I do not believe it is wise to blame our parents for our current life. But exploring how we interacted with them will shine light on our unconscious tendencies that created our life today. Our relationship with our mother generally shapes our patterns towards our inner world, the world of love, nurturing, self-care and sustenance. Our relationship with our father usually sets the stage for our relationship with our career and outer, social life.

We all come to this planet with a predisposition towards certain tendencies. These tendencies will unconsciously drive all our choices until we wake up to the story of our life. When we explore our early relationships, we can see our tendencies. Each child would react differently in any given situation because we are all unique. Where one child would have fought back, another would have run to hide, and another would have not noticed any issue at all.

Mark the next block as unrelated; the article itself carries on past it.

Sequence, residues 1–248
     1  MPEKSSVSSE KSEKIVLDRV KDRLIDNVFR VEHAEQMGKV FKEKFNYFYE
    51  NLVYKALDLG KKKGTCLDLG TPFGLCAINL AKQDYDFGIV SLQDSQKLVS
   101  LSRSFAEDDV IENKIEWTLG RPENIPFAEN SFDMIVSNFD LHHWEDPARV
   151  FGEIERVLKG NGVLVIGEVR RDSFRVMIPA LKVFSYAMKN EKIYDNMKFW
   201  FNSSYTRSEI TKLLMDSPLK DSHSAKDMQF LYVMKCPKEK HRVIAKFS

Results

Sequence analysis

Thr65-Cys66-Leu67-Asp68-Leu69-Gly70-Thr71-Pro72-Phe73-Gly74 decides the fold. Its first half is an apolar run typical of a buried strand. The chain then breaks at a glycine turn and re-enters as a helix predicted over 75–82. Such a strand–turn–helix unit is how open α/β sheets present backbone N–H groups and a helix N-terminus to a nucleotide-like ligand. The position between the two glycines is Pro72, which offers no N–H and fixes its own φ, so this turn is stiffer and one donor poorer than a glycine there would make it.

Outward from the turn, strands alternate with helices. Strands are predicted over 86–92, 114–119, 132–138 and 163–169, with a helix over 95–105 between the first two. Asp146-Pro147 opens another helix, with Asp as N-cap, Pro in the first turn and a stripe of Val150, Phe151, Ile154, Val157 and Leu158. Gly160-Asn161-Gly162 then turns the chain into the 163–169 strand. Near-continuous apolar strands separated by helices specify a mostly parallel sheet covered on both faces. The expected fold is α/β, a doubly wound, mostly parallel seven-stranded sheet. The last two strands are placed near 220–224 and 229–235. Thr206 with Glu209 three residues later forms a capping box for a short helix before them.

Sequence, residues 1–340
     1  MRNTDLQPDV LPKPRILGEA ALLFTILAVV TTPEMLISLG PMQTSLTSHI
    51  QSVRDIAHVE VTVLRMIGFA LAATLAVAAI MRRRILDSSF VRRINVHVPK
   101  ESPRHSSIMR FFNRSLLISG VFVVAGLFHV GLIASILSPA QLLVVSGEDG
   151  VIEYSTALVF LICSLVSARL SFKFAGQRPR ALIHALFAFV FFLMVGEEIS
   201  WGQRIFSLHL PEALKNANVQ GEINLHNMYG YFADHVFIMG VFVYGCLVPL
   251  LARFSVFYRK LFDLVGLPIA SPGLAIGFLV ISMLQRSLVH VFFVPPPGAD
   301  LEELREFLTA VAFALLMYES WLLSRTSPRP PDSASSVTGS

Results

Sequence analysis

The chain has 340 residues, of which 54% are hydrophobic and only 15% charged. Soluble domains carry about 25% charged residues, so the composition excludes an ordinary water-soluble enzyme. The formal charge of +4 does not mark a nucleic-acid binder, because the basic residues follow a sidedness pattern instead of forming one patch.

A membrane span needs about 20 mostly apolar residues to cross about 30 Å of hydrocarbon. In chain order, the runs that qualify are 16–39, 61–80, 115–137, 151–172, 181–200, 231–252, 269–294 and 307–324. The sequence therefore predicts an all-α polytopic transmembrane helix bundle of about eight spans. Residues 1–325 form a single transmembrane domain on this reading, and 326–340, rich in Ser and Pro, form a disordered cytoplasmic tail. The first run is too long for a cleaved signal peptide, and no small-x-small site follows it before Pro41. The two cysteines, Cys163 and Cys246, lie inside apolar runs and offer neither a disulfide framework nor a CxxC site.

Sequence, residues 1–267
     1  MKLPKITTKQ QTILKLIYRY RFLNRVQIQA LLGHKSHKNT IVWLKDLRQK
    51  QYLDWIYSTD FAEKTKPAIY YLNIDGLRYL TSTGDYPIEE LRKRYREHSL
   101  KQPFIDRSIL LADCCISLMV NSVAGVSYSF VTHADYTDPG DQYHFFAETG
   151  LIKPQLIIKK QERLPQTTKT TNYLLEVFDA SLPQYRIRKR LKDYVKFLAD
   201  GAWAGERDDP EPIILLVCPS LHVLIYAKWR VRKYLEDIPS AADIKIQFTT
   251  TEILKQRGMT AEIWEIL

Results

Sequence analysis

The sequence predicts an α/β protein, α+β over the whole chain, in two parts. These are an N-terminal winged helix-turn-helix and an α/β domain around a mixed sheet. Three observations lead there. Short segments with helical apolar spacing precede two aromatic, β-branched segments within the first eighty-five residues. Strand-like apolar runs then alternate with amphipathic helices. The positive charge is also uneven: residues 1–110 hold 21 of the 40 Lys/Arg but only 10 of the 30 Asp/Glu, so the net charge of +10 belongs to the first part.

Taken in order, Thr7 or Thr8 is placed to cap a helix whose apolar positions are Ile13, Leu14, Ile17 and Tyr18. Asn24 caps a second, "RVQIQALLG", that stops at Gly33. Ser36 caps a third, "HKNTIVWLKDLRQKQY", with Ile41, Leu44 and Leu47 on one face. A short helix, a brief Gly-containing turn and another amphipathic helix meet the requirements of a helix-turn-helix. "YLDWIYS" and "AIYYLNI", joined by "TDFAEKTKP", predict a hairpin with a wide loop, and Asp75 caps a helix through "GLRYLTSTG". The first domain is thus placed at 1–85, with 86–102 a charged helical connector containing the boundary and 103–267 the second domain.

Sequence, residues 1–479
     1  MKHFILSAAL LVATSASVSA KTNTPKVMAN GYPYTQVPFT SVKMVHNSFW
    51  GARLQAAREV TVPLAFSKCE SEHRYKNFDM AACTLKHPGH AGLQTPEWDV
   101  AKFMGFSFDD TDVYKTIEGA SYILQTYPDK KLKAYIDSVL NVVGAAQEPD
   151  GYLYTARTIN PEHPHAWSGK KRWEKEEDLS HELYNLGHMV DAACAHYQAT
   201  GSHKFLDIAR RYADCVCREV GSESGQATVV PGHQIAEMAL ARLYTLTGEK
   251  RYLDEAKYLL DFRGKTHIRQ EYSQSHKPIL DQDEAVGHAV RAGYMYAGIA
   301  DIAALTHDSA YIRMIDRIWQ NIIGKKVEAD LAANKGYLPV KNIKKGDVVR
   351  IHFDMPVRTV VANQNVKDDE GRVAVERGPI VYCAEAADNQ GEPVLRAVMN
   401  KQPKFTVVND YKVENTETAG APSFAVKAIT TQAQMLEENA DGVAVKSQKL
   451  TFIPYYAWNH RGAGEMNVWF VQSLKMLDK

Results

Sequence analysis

When we take a look at what went on in our childhood, how we felt in relationship to each of our parents, we can see the early seeds for what drives our unconscious choices that created our current life. For example, we may have felt abandoned by our mother, so we tend to unconsciously recreate situations in which we do not feel supported or nurtured. Maybe we felt aggressed by our father, so we tend to attract work or societal situations that are dissonant with who we are or even abusive. Or maybe we just feel unwelcome in our work environment and become an overachiever or workaholic.